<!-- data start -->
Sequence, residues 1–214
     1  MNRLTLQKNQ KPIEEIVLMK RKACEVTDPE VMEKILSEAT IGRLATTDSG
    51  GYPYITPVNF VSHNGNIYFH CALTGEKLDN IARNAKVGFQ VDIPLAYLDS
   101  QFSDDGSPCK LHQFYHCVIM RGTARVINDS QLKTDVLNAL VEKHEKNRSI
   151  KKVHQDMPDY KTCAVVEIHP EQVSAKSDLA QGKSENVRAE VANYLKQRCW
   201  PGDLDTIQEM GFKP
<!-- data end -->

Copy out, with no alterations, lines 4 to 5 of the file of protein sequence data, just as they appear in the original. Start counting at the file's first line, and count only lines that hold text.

   101  QFSDDGSPCK LHQFYHCVIM RGTARVINDS QLKTDVLNAL VEKHEKNRSI
   151  KKVHQDMPDY KTCAVVEIHP EQVSAKSDLA QGKSENVRAE VANYLKQRCW